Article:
To further bring the stories of the Tomb to life, this exhibit also includes four video panels. Archival motion picture footage of the events connected with each of the Unknowns is projected onto these panels. This multimedia element adds a new visual component to the exhibit that helps visitors understand the layers of history they are encountering as they visit the Tomb.

Welcome Center Exhibit

A masked woman shows an exhibit to two men.

Dr. Allison Finkelstein, gives a tour of the Display Room to Medal of Honor Recipients U.S. Army 1st Lt. Brian Thacker and U.S. Marine Corps Col. (ret.) Barney Barnum on Medal of Honor Day, March 25, 2022. A number of priceless artifacts are visible in the archival display cases to include the folded flag from the World War I Unknown’s funeral, Chief Plenty Coups U.S. Army Signal Corps flag, and a cast of Augustus Saint-Gaudens “Victory” statue which was presented as a gift to the WWI Unknown. U.S. Army photo.

Completed in early 2021, the Welcome Center exhibit serves as the gateway into the cemetery for most visitors. Thousands of visitors interact with the exhibit each day as they begin their visit to ANC. This exhibit uses the Tomb as a lens to explore the cemetery’s larger history. It shows how Arlington’s development impacted the Tomb’s origins, and it uncovers how the Tomb shaped the evolution of the cemetery itself, revealing its changing meanings over time. While the environment of the Welcome Center is not conducive to safely displaying artifacts, the exhibit is rich in archival photographs and interpretive text.An ancillary photo exhibit on the outer exhibit walls also details the everyday activities that take place on Arlington’s hollowed grounds. Composed of stunning images by ANC’s official photographer (contractor) Elizabeth Fraser, this supplemental exhibit provides visitors with a glimpse of the behind-the-scenes activities that make ANC function and enable the execution of events like the Tomb Centennial.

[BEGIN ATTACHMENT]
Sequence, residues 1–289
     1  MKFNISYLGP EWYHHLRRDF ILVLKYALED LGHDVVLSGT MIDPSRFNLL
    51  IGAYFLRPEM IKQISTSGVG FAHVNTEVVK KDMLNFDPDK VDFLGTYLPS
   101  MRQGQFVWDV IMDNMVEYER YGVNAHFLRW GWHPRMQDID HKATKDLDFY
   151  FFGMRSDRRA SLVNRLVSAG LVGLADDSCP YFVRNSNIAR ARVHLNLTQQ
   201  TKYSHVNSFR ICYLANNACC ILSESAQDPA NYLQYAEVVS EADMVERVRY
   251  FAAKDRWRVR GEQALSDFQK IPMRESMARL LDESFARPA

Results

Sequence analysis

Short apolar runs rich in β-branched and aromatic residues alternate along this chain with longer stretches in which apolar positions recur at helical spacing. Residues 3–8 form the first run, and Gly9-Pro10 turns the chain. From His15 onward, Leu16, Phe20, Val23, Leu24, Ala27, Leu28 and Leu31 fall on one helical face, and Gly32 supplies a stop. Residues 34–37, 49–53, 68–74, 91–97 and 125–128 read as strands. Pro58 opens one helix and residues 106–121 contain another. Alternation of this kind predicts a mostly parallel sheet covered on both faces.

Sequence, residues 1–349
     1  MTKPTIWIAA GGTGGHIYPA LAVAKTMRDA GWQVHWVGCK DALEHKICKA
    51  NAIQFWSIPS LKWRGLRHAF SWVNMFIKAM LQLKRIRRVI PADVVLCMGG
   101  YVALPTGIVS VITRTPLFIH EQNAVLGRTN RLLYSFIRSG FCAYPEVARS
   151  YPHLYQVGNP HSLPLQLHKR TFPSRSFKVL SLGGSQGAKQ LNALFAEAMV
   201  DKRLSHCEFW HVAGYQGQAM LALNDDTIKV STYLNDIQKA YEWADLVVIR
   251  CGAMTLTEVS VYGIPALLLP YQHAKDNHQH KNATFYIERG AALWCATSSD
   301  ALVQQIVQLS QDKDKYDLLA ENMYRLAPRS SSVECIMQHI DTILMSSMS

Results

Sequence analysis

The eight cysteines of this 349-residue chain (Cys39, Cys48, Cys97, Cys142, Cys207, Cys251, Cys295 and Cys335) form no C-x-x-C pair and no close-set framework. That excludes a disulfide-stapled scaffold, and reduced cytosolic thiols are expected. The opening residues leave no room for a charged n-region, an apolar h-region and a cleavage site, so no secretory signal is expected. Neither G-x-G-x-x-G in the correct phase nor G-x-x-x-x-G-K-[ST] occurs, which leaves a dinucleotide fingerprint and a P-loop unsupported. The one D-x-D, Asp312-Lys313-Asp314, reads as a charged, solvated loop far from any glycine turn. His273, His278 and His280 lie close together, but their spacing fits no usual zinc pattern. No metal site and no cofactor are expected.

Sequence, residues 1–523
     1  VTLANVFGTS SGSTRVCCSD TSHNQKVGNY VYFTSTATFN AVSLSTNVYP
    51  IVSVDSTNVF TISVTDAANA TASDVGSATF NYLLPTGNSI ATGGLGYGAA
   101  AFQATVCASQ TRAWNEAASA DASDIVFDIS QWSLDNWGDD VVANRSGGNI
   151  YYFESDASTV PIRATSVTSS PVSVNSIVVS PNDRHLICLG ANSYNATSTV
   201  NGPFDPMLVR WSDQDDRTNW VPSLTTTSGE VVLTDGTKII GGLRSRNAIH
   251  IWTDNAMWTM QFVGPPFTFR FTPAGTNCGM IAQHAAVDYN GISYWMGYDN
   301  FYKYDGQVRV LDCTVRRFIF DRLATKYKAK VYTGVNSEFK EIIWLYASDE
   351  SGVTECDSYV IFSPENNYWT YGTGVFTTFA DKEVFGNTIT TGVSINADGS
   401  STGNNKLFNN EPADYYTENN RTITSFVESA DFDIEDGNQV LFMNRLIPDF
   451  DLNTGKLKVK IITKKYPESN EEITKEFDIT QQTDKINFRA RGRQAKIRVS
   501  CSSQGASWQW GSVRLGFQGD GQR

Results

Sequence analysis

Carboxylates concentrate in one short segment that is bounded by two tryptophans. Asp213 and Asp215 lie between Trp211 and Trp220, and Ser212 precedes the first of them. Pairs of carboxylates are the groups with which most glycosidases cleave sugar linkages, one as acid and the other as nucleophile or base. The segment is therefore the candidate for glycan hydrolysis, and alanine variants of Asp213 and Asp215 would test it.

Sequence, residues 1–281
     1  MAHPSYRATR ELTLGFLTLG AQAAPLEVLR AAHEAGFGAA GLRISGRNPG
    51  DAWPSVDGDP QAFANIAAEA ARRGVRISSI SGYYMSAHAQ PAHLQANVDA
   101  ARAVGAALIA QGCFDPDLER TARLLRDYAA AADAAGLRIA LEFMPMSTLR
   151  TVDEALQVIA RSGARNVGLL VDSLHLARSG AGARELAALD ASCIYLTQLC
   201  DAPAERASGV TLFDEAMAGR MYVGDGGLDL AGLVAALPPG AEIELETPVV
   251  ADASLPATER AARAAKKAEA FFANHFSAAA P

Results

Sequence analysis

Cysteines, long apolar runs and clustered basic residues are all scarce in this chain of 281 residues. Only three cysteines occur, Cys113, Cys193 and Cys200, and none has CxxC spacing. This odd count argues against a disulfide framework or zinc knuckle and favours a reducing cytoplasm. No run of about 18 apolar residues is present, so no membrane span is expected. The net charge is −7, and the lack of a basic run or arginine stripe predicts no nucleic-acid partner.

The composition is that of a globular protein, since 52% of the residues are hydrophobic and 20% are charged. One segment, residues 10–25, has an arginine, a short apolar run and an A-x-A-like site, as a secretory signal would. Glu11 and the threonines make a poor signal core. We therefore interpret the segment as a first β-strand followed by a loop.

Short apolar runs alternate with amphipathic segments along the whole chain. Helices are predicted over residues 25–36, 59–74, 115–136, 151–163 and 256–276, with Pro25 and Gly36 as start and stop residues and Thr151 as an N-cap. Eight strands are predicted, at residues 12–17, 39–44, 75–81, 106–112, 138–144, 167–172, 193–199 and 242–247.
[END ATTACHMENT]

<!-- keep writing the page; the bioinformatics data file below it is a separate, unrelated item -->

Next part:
Exhibit Accessibility During the Pandemic and Beyond

In keeping with ANC’s commitment during the pandemic to use hybrid (digital and in-person) programming to make the Tomb centennial accessible to public no matter they lived, the cemetery worked to make these exhibits accessible as well. The History Office collaborated with the ANC Public Affairs Office to produce short video tours of both exhibits. Historian Timothy Frank narrated a Display Room Exhibit Virtual Tour, while Senior Historian Dr. Allison S. Finkelstein created a Welcome Center Exhibit Virtual Tour. In addition, ANC published a Commemorative Publication based heavily on the text and rich imagery in both exhibits. This publication is free to download and provides a sense of the breadth and scope of ANC’s two new Tomb centennial exhibits.

In the future, we hope to share these, and other exhibits, on our website as well. In the meantime, our exhibit spaces are open daily from 8am to 5pm, 365 days a year. We invite you to experience these exhibits in-person or virtually in order to gain an appreciation of the transitions in the Tomb’s meanings and its impact on ANC’s history.


Display Room Virtual Tour –
Welcome Center Virtual Tour –
Commemorative Publication (PDF format) –